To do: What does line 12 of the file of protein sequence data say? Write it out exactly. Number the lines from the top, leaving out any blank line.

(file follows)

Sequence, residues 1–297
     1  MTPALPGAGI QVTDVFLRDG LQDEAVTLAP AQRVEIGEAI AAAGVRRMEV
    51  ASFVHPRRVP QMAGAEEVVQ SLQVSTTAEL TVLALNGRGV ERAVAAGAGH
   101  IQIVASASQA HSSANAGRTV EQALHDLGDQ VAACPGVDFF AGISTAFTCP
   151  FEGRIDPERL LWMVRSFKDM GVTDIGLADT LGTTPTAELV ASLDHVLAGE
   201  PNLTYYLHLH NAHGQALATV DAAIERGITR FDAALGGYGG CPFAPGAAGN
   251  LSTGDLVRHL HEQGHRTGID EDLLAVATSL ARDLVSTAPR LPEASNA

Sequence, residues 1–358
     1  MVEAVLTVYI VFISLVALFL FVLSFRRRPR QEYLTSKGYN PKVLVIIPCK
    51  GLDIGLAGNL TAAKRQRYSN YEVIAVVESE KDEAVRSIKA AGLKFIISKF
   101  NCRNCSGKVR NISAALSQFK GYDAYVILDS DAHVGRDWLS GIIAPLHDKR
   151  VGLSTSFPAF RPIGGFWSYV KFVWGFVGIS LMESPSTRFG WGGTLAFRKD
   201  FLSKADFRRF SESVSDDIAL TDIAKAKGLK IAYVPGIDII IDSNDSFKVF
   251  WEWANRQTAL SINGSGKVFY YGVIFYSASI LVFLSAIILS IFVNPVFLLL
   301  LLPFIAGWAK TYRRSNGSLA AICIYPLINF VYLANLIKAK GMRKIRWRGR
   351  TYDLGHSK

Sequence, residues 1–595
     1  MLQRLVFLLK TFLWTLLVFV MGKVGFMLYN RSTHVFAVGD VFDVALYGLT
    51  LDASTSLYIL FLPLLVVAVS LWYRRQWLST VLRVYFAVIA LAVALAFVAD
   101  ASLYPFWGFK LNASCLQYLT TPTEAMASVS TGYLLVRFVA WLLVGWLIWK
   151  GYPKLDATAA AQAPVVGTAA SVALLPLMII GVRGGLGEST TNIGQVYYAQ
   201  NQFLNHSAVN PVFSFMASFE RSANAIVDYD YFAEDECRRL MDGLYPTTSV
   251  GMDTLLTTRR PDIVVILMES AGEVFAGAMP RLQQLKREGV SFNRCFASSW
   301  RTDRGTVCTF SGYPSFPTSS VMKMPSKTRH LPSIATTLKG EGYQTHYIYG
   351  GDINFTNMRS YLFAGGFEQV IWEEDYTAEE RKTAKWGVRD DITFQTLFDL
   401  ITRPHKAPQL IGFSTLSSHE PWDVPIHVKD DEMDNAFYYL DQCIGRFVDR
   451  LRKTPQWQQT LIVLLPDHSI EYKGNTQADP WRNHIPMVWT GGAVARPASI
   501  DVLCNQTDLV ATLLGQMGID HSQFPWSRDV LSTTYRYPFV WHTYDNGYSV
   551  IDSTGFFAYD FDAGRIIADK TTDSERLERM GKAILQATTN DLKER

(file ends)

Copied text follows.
   151  VGLSTSFPAF RPIGGFWSYV KFVWGFVGIS LMESPSTRFG WGGTLAFRKD